In terms of security challenges, pessimistic as it may appear, co-existentialist sub-conventional conflict proceeding at multiple levels below the conventional threshold under the nuclear umbrella could operate for about a decade or so. Pakistan would be under no illusion that it can ever annex Jammu and Kashmir. But the Kashmir bogey serves as a convenient symbol of national consolidation. Moreover, the low cost option of controlled support for militancy in the state helps Pakistan keep the issue internationally alive. Its initiatives in the low intensity conflict and efforts to gnaw at India's internal cohesion would need to be countered by appropriate pay-you-back-in-the-same coin strategies. Pakistan's nuclear and missile capability, notably the 1,500-km Ghauri IRBM and its possible 2,500-km follow-on variants have enabled it to balance India's strategic depth and stake its claim as a regional influential. It can provide extended deterrence to West Asian countries against Israel. These factors would doubtless need to be factored in India's strategic calculus. It does appear that despite the "ugly stability" of Indo-Pak relations in the near and medium term, nuclear deterrence over the long haul would stabilise bilateral ties for peace and mutual security.
In geo-political terms, the decades-long convergence of strategic interests between China and Pakistan is inherently India-centric with China seeking an added bonus of a toe-hold in West Asia and possibility of egress into the Arabian Sea through the trans-Himalayan road highway.
Their friendship is often described by Pakistanis and Chinese as "loftier than the Himalayas and deeper than the Indian Ocean." Peculiarities of geography and history have linked the two in the India-China strategic friction and territorial dispute. China would for decades remain India's strategic challenge. Pakistan got from China not only a range of nuclear-capable missiles—M-11, M-9 and D-F 21/21A, meant specifically to counter India but also the design for a nuclear warhead that the latter had tested at Lop-Nor in 1966. This enabled Pakistan attain de facto nuclear power status in 1987, which India reportedly acquired only in 1990 or so.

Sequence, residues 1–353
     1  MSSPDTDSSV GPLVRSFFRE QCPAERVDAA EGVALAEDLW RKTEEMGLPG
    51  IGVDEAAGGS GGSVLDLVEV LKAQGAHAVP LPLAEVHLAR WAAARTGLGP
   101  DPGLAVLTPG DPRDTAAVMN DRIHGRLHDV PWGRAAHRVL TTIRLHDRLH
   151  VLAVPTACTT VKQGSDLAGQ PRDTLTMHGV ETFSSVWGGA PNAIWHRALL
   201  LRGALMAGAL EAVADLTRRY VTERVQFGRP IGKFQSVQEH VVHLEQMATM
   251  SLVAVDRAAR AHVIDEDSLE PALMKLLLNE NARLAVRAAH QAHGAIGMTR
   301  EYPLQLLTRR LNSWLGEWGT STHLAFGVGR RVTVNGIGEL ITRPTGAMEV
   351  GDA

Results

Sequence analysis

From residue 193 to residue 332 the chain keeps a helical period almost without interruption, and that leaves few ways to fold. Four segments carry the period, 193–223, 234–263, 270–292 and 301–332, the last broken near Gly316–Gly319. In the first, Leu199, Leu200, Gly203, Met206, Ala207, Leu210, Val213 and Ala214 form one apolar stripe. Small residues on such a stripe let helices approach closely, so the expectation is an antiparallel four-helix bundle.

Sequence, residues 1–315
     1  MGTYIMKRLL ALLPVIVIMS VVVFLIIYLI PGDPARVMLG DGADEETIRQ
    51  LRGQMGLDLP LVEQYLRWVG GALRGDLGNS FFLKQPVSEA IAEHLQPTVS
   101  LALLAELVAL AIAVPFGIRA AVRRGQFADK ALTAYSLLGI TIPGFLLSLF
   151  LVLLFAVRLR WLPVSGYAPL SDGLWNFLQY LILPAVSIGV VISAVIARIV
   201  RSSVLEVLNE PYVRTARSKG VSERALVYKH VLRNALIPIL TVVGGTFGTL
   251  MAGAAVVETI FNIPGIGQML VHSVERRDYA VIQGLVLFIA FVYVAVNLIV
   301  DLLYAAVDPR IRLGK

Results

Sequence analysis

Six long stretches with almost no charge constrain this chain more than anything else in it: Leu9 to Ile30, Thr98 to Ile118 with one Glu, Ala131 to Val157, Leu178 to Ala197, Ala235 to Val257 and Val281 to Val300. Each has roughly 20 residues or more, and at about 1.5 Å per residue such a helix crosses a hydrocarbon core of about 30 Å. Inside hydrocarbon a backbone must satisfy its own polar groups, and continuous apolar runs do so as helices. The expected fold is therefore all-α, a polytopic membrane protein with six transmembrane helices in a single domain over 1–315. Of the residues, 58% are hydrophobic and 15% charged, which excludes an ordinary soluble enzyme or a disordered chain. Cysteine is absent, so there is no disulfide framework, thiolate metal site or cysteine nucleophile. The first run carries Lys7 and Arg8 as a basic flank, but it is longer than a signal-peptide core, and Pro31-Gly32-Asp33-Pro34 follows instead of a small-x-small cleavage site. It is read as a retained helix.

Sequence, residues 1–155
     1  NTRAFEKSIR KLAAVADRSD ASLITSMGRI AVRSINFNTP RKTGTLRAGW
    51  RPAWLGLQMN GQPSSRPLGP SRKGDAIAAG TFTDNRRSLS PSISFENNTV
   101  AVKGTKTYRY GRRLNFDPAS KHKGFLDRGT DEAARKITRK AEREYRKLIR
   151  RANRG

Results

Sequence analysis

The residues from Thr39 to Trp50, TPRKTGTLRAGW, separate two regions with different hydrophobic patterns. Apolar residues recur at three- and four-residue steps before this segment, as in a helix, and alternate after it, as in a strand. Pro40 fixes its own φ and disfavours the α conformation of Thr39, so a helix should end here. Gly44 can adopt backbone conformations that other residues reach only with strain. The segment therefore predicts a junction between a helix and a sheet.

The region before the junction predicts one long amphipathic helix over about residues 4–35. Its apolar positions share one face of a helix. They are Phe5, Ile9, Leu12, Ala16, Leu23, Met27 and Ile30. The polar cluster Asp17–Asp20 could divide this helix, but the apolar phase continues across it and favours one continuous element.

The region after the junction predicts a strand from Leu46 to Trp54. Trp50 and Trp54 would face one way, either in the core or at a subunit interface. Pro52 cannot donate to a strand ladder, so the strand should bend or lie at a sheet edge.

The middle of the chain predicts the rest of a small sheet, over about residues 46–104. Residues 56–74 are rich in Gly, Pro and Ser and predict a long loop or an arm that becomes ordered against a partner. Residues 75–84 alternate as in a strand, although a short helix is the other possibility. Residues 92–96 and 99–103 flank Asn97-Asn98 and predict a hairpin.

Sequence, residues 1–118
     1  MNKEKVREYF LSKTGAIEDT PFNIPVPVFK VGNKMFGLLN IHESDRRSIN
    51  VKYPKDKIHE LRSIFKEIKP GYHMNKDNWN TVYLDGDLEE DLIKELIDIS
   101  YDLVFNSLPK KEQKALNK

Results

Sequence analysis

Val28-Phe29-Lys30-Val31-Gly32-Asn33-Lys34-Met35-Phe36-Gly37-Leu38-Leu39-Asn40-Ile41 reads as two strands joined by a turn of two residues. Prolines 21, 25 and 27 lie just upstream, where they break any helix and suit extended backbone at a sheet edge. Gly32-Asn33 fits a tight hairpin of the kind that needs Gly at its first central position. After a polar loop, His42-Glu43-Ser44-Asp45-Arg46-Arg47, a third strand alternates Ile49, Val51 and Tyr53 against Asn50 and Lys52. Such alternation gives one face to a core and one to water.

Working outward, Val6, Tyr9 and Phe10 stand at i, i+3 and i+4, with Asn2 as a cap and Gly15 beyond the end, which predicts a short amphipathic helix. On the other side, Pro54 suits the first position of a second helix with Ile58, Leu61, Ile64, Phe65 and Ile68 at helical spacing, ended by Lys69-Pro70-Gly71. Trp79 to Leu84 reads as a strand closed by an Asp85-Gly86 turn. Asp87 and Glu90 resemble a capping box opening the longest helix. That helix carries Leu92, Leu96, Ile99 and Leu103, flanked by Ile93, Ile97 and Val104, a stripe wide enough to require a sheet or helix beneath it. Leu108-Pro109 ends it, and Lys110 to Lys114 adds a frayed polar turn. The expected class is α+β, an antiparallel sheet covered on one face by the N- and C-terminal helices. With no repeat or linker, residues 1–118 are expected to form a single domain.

Beijing wilfully fuelled Pakistan's ambitions to be a regional influential, a development which may one day boomerang on it. By way of a delicious irony, China's intensified support for Pakistan's nuclear-delivery missile programme, culminating in the April 1998 test-launch of the 1,500-km Ghauri, coincided with Rajiv Gandhi's path-breaking visit to Beijing in 1988. That China chose this unalterable course just when its bilateral relations with India were thawing makes one inference clear. Beijing wilfully introduced an adversarial impulse in India-China relations by encouraging and endorsing Pakistan's ambitions to be a regional influential. The means adopted were to equip it with ballistic missiles having ranges well beyond those needed to balance India. From among developing countries, Pakistan's economic and military value lies as much in its being the foremost importer of China's nuclear and weapons technology as in its serving as an excellent source of hard currency earnings. These linkages are expected to be sustained over the years. Today about 70 per cent of Pakistan's military hardware is of Chinese origin. A trend of significant military consequence to India is that the on-going military modernisation in China, including induction of force multipliers, would provide Pakistan a siphon-off technological benefit through access to these systems apart from Su-27s, MBTs, Kilo class submarines and other equipment. Armed with these capabilities and nuclear-tipped Chinese-supplied ballistic missiles, Pakistan may well perceive itself as a lynchpin of China's grand design for South Asian security in the 21st century.